The Dalvey Estate by Aamer Architects is an exquisite hybrid structure located on the tropical island state of Singapore. Malay architectural influences marry contemporary form to create a residence with fluid functionality and stunning composition. An elongated cylindrical passage creates a wave-like effect giving the home its undeniably unique aesthetic. Sleeping quarters are separated from the social spaces of the home, encouraging interactions and family activities. A hoovering rectangular space leads down to a finely manicured lawn and minimalist pool, while LED lights illuminate the spiraling floating stair case from inside. More photos after the break.
Nestled in a cascading, west facing ravine with a dramatic slab of rock defining the northern edge and a stunning outlook over the azure blue of the Andaman Sea to the south, our commission; to do this demanding but ultimately spectacular site justice, was both daunting and exciting.
The defining elements are the rock and the view. They dominate at every juncture. They resonate on first approach, through the migration from public to private space, in the living and in the family areas, in the gardens, in the bedrooms; and they continue to command respect down the tropical jungle steps that arrive at a secluded rock platform, flanked by the same seam that welcomed you 60m above. Constant reference to these elements instills a feeling of solidity that contrasts with the openness of the house, reinforcing the dynamism and vibrancy that pays homage to the magic of the location.
The home grows out from the rock; the bedroom element rests between it and the wing that strikes the perpendicular, rising vertically from the slope. This composition defines the open living and dining space that is simply a transition between two garden areas. It is intimate but open and the uninterrupted clear span creates a bridge under which the conventions defining indoor space disappear.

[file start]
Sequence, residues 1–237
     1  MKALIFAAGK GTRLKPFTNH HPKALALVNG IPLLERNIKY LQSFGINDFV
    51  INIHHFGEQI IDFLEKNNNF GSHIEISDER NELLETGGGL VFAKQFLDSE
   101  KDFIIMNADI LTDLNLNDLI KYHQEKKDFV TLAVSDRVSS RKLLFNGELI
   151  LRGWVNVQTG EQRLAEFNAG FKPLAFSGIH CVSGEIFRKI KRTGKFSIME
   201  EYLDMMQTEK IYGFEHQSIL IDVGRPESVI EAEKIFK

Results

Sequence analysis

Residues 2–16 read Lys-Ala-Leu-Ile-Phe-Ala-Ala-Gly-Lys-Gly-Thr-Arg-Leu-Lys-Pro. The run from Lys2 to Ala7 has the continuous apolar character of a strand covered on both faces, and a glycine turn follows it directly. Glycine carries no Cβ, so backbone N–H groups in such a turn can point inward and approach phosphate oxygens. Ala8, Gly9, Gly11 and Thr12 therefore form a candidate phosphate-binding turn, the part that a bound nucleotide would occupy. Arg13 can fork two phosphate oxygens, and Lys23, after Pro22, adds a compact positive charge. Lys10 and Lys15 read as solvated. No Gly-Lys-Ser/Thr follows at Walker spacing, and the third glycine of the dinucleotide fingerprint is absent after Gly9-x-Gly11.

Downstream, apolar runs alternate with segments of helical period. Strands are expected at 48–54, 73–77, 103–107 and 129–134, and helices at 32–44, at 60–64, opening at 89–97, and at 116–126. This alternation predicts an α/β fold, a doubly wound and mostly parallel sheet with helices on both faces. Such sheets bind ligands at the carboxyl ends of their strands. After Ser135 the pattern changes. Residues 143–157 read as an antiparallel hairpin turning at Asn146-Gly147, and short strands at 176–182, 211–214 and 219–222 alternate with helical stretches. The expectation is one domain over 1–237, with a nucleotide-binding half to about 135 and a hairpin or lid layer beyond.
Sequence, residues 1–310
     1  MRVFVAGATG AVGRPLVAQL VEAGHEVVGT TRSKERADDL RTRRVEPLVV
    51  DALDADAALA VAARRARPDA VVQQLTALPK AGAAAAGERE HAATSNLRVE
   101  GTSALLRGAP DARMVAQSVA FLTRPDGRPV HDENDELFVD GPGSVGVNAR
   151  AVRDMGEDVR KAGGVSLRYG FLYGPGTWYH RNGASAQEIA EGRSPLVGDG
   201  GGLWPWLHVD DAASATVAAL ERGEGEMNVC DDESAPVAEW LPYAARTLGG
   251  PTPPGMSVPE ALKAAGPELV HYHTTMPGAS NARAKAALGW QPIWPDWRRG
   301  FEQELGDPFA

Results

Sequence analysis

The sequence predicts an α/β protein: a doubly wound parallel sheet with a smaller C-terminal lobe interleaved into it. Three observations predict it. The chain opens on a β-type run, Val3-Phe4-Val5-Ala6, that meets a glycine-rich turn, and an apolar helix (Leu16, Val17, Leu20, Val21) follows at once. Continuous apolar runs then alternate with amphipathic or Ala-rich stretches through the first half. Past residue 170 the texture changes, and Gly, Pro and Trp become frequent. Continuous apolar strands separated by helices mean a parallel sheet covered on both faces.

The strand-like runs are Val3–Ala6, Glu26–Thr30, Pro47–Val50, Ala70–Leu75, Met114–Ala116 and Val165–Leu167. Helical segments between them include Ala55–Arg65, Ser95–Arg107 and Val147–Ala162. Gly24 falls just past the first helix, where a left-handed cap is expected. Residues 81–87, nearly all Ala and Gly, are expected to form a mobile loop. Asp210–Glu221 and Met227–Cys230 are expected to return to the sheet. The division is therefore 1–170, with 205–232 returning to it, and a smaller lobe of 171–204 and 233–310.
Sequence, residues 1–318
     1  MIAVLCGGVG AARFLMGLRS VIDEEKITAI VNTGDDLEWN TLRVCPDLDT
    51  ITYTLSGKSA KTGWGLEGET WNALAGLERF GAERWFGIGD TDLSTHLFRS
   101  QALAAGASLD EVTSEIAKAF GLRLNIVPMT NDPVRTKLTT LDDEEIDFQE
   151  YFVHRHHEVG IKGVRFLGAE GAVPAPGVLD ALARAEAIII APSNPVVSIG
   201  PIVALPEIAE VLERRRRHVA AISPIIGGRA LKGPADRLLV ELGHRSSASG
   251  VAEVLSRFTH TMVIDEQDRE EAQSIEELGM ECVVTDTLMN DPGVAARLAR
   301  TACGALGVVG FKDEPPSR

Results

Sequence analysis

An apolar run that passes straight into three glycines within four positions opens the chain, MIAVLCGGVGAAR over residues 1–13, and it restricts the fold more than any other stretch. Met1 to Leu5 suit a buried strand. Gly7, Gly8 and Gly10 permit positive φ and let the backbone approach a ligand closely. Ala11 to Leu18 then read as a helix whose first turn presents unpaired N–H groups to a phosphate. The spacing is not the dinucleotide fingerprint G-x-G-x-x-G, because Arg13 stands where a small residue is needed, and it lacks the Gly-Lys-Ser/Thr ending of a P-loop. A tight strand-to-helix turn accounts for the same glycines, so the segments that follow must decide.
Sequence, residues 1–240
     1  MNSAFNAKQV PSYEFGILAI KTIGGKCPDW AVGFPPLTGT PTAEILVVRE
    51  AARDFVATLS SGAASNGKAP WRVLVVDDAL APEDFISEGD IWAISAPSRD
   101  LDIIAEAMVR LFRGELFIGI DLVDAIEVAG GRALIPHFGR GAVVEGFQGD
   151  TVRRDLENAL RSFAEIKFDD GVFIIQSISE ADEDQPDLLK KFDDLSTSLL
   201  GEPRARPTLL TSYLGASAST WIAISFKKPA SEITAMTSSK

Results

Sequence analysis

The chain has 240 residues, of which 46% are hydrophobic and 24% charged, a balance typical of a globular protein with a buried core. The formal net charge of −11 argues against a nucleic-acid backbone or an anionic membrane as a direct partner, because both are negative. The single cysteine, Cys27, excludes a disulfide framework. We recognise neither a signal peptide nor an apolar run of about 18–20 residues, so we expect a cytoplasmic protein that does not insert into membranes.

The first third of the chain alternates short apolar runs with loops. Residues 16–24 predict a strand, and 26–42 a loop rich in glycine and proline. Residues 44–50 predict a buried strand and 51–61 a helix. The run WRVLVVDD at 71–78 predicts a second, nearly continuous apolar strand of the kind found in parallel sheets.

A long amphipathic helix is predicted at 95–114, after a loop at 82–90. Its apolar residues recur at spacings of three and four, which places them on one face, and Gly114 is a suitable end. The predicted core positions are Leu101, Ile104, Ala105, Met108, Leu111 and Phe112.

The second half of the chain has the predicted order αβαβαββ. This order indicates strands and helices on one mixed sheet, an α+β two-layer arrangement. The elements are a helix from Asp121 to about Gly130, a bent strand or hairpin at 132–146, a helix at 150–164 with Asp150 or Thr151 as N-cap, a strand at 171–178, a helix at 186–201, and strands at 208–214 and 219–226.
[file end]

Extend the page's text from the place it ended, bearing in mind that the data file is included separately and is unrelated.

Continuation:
Cantilevered over a massage sala, the swimming pool completes the composition. It is the focal point that draws the eye to the view and instills a calmness that provides balance with the energy of the architecture.
via mymodernmet. More photos below.
Do you know what your carbon footprint is? It is nearly impossible for any person, let alone an entire energy-consuming home, to have a carbon-neutral footprint, but an underground one-story home in England is looking to change that. Architectural firm Make’s ambitious project titled Bolton Eco House boasts a zero-carbon estate, the first of its kind in the North West of the country, embedded into the Pennine hillside. The 8,000-square-foot property features four bedrooms with energy-saving designs and technology including “a ground source heat pump, photovoltaic panels and a wind turbine that will generate on-site renewable energy.”
The architects have worked closely with Bolton Council, Commission for Architecture and the Built Environment (CABE), and their client, Gary Neville (former club captain of Manchester United), to bring this futuristic energy-efficient design to fruition. The architectural integrity has been preserved throughout the approximately three-year process of designing the subterranean homestead, while accommodating for a residential and environmental issues. Its placement below the surface is a deliberate scheme to maintain the surrounding moorland’s natural aesthetic. With so many redeeming qualities, some refer to this home as the “house of the future.”
via buzzfeed. Polish architects Irek Glowacki and Marek Rozansk built this upside down house in Terfens, Austria… complete with a garage and an upside down Beetle! This project is meant to serve as a new tourist attraction in the area, and is now open for public viewing. More photos after the jump.
via boredpanda. This bathroom is inside a penthouse in a home built in Guadalajara, Mexico. The bathroom itself was built over an old elevator shaft and topped with a transparent floor. Extreme bathrooming anyone? More photos below.